As a gay man, I appreciate how the trans community fought for my rights – it's time to repay the favour

Let's not forget that it was a transgender activist who threw the first brick at the Stonewall Riots

Dean Eastmond
Thursday 23 February 2017 15:49 GMT
The Trump administration revoked federal protections for transgender students in public schools who sought to use the restrooms that match their gender identity
The Trump administration revoked federal protections for transgender students in public schools who sought to use the restrooms that match their gender identity (The Washington Post)

Following on from an anxious first month for the LGBT community of America following Trump’s inauguration as the 45th President of the United States, the President’s administration has revoked a previous Obama-era protection for trans people. No longer will transgender students be allowed to use the bathroom that corresponds with their gender identity in school.

It was the trans community who helped paved the road for LGBT rights. As the one who allegedly threw the first brick at the revolutionary Stonewall Riots in the 1960s, Marsha P Johnson was a leader within the transgender community in New York’s Greenwich Village alongside Sylvia Rivera and Miss Major.

Skip to the 21st century and prominent trans figures in the movement include Orange is the New Black’s Laverne Cox, and Leelah Alcorn. Alcorn killed herself in the December of 2014.

“When I was 14, I learned what transgender meant and cried of happiness. After 10 years of confusion I finally understood who I was,” the 17-year-old Ohio-based trans girl wrote in her suicide note on micro-blogging platform Tumblr. “I immediately told my mom, and she reacted extremely negatively, telling me that it was a phase, that I would never truly be a girl, that God doesn’t make mistakes, that I am wrong. My mom started taking me to a therapist, but would only take me to Christian therapists.”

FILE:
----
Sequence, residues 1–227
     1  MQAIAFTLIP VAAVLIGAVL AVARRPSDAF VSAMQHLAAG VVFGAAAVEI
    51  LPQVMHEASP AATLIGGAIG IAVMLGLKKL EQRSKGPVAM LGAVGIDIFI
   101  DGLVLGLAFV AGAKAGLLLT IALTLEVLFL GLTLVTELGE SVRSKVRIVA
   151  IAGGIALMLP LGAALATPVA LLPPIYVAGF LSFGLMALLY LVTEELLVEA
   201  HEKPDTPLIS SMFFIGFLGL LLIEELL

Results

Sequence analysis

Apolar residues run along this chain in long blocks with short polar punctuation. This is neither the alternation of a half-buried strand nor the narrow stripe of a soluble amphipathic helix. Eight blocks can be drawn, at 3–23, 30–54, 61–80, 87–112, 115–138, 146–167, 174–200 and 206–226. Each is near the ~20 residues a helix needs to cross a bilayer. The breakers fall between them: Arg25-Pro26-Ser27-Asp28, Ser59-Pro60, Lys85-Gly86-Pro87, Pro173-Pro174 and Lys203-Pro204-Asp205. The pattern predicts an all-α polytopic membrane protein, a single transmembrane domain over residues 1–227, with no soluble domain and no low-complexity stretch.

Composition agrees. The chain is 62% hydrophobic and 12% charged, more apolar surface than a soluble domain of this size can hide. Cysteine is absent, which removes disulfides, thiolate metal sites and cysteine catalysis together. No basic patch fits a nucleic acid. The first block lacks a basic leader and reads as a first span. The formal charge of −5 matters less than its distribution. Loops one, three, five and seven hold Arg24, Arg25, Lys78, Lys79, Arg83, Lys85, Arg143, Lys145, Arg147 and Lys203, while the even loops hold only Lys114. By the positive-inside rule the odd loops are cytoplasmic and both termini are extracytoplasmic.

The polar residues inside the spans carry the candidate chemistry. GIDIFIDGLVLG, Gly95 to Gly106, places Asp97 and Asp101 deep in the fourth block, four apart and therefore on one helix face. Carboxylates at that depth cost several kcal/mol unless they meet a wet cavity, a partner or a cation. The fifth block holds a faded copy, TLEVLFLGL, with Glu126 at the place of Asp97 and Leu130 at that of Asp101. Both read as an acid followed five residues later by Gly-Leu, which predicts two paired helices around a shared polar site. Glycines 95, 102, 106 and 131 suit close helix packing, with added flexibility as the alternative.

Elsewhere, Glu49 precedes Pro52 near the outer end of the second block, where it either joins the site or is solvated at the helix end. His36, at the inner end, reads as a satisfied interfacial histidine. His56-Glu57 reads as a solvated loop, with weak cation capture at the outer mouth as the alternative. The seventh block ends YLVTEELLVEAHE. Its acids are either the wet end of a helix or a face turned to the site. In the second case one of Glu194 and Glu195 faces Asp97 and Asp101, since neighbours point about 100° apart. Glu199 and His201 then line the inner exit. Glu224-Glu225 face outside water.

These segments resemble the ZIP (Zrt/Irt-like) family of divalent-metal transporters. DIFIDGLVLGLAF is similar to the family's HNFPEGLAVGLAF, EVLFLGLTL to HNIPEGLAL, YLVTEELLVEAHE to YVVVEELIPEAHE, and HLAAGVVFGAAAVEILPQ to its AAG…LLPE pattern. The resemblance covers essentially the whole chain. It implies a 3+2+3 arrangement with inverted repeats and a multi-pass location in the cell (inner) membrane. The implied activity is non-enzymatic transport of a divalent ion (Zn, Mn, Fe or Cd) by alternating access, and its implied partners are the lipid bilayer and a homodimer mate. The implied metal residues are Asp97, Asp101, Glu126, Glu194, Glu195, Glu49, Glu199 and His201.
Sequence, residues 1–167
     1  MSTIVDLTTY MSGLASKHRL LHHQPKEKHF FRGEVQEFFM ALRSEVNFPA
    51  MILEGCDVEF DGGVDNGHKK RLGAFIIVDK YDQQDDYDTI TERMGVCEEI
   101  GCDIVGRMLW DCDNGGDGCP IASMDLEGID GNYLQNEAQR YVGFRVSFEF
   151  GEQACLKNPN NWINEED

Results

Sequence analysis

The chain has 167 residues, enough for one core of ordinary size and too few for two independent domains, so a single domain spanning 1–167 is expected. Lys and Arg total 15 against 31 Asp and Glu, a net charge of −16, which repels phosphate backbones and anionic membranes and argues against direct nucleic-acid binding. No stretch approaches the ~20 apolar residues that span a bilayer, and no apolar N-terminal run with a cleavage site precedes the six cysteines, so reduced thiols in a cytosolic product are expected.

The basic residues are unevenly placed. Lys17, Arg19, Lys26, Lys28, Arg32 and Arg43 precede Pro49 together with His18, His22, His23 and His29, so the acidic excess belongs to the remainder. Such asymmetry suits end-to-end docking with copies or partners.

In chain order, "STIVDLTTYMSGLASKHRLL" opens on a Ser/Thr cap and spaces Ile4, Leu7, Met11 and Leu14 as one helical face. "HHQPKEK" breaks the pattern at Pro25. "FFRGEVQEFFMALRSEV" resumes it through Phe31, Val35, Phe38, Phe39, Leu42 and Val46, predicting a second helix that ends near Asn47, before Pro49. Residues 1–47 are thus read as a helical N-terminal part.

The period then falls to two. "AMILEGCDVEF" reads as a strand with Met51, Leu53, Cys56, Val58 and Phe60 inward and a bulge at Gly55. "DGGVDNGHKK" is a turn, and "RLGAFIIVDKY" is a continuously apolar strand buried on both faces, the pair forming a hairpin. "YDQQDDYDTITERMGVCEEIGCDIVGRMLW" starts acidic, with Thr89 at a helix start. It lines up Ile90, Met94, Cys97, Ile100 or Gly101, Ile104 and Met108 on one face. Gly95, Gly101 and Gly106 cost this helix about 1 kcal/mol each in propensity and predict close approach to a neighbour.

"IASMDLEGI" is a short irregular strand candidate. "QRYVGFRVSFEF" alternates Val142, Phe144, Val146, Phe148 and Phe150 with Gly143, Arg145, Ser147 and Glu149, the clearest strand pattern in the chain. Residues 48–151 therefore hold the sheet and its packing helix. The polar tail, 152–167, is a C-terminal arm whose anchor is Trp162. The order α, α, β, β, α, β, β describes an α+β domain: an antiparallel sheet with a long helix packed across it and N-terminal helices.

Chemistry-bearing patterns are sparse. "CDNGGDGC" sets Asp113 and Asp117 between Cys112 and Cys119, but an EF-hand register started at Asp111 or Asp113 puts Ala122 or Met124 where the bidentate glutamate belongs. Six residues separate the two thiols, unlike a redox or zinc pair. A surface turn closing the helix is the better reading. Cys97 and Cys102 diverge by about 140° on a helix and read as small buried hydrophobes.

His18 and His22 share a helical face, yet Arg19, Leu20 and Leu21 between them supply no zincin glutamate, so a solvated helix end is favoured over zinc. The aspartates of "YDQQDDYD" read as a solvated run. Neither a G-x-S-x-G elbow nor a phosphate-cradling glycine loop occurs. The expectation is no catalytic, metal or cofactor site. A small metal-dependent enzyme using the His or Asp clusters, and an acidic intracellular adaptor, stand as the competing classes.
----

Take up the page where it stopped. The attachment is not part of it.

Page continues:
It is easy, as cisgender white gay men, to ignore the privileges we have and ignorantly assume everyone in our community has it as well as we do. Though times are still turbulent and tough for us, we must use our social awareness and platforms of being LGB to rally for the T that so valiantly fought for us throughout history.

The LGBT community is not a homogenous group. We are a patchwork of demographics, generations, creeds and cultures that have interwoven politics and resistance as an integral part of our identities. Our rights are the products of protest, and we only got where we are today through intersectionality.

Though suicide rates among young gay people in America fell after the Supreme Court ruled in favour of same-sex marriage, 76 per cent of BME (black and ethnic minority) gay and bisexual boys have thought about taking their own life. Meanwhile, 40 per cent of transgender adults have made a suicide attempt, 92 per cent before the age of 25.

We live in a world where Trump can tweet that he will “fight” for us, yet revoke our rights within his first month of presidency; where he will wave our flag during his rallies and then curate one of the most homophobic cabinets in recent American history. Almost half (46 per cent) of the LGBT people killed in the Americas in 2013-2014 were trans women, with 1,612 trans people being murdered across 62 countries between 2013 and 2014 – that’s equivalent to one killing every two days.

It is our duty, as cisgender and white gays, to take a stand for those who continuously took a stand for us. Anything else would leave us guilty of ignoring historical truths – and allowing future tragedies.

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